I find it much easier to chug through fantasy when it's first person narrative, too. Especially when your narrator's got a psychotic, sexually perverted wolf in his head. 

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51 minutes ago, Brewster McCloud said:

I know there's an existing book thread but I searched in vain.

 

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I read the Fitz trilogy by Robin Hobb, they were okay but not really my kind of fantasy series. Too many elements I found dissatisfying to have gone on to any of her other work.

I'm currently trying to slog my way through Dune as my commute read, which I'm finding hard going, and The City of Mirrors (third book in the Passage trilogy by Justin Cronin) as bedtime book, which is great but it's so long since I read the second one I can't really remember much of who's who.

Last book I loved reading was this:

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I've loved the subject since I can remember and this is a fantastic read that takes in the whole Mesozoic era. I've read criticism that he can go a little "aren't my mad paleontologist friends the BEST", which is kind of true but his enthusiasm and passion for the subject shines through. I don't read many science books but I'll go back to this one time and again. If you ever loved dinosaurs - read it!

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Was reading an article about something or other and came across a recommendation for the above. Very interesting and relatable for a introvert like me anyway. 

Also have this waiting to be read, but have been putting off because of the inherent depressing theme:

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Going through Richard Yates bibliography as I'm a bit of an American Literature ponce. Probably my favourite short story writer ever.

After that I'll probably start on Don Winslows 'Cartel' series after hearing it's being adapted into a movie.

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I just finished The Outsider by Camus, I'd probably have loved this during my earlier edgier days but I'm far less of a nihilist shite now or so I would hope.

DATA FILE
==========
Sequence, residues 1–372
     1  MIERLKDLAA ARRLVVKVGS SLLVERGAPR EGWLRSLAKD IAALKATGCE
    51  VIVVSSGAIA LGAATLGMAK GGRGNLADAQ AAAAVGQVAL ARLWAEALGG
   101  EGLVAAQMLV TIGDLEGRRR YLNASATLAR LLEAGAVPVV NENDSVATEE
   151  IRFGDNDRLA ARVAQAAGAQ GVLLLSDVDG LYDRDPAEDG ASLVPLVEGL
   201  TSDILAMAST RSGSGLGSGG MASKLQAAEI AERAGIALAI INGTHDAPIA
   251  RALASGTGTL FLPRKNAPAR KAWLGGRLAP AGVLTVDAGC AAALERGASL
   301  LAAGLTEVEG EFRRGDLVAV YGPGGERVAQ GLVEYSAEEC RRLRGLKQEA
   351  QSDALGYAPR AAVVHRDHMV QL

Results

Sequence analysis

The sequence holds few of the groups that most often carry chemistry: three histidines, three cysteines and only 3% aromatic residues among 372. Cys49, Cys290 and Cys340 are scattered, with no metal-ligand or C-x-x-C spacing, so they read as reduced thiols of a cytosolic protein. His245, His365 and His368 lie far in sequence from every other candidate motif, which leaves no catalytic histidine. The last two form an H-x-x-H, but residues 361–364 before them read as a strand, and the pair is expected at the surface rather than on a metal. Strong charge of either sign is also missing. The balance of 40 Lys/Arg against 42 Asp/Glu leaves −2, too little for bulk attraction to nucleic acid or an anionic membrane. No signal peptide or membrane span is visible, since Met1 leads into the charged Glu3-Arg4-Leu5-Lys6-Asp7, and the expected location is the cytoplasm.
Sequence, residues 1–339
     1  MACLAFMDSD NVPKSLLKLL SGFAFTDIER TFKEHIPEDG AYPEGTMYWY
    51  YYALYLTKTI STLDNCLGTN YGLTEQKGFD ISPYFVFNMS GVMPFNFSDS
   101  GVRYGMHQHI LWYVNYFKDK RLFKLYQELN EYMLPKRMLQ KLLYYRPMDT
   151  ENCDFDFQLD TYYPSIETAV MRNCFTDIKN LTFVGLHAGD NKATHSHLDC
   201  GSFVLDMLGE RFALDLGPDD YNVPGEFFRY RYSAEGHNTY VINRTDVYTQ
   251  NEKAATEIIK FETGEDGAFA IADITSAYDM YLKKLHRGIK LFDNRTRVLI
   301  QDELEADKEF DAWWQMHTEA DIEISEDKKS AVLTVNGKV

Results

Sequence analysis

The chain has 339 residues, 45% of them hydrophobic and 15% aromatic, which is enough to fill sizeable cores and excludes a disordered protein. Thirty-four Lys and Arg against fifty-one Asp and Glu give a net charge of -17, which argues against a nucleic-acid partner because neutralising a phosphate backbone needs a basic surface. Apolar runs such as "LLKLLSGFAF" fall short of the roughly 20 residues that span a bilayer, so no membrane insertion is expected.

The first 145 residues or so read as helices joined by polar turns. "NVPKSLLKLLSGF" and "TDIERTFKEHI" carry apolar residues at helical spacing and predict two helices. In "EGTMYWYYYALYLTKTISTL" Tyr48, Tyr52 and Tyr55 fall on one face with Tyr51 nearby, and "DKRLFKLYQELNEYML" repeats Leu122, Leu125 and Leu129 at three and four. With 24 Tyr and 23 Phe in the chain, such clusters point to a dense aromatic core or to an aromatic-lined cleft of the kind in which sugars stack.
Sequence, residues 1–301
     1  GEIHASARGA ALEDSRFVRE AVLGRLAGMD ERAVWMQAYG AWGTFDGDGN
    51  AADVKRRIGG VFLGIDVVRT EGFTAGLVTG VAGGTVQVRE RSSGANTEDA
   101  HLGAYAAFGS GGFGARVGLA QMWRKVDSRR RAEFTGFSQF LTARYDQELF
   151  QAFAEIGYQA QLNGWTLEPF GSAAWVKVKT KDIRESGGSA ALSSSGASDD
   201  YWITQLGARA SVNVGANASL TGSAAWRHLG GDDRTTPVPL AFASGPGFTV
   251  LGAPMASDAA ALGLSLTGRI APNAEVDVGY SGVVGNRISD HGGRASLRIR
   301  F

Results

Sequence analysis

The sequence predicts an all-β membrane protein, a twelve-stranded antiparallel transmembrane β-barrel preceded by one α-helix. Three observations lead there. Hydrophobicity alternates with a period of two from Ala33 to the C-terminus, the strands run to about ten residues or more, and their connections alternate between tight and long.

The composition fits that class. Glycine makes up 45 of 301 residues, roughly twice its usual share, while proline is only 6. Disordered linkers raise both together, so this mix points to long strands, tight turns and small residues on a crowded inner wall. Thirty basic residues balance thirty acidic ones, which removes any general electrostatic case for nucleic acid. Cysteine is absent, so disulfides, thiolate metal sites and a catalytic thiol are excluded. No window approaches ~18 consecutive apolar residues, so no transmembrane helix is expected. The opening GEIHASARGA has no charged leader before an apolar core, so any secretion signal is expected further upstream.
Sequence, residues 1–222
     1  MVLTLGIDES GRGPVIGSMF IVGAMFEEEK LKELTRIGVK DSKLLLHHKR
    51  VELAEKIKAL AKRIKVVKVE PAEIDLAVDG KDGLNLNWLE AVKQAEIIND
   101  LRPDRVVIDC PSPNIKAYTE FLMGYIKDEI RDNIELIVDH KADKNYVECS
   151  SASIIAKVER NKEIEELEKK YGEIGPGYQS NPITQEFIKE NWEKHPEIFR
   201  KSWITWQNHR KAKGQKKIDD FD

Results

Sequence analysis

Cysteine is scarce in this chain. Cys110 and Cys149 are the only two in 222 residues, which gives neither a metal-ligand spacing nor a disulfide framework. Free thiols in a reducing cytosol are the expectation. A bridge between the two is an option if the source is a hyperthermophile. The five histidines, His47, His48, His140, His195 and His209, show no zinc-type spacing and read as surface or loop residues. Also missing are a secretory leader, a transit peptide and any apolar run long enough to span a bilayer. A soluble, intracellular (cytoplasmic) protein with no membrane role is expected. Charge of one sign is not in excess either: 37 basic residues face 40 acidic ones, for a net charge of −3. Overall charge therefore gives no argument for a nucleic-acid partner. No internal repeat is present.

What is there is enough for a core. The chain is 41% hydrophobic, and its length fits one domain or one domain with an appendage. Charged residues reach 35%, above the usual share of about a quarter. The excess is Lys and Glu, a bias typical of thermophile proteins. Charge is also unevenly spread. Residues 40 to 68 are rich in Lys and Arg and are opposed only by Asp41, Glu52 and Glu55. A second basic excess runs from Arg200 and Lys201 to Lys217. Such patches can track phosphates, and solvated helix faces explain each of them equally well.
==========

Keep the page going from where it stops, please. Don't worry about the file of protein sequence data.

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I'm slowly making my way through the copy of Death Of WCW @air_raid got me for Christmas, then I'm going to get cracking on "I'm Sorry, I Love You" by Jim Smallman. I need to dig out Brian Blessed's biography and finish that, really. 

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3 hours ago, ReturnOfTheMack said:

Just started it, bloody brilliant fun. But then I'm a huge fan of the guy.

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The audiobook is even better. He reads it like he's telling you the story rather than reading it from a book. 

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I’m not one for fiction (can’t remember the last time I did read a fiction book). Currently making my way through this doorstop-of-a-book:

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🤓

I’m also a big fan of the “Very Short Introduction” series from Oxford University Press (https://global.oup.com/academic/content/series/v/very-short-introductions-vsi/?cc=gb&lang=en&). There’s literally hundreds of them and I usually pick a couple up from Waterstone’s each month. They’re good for getting a basic knowledge on all sorts of subjects. I’ve picked titles up on psychology, politics, mathematics, big data, the EU, and more.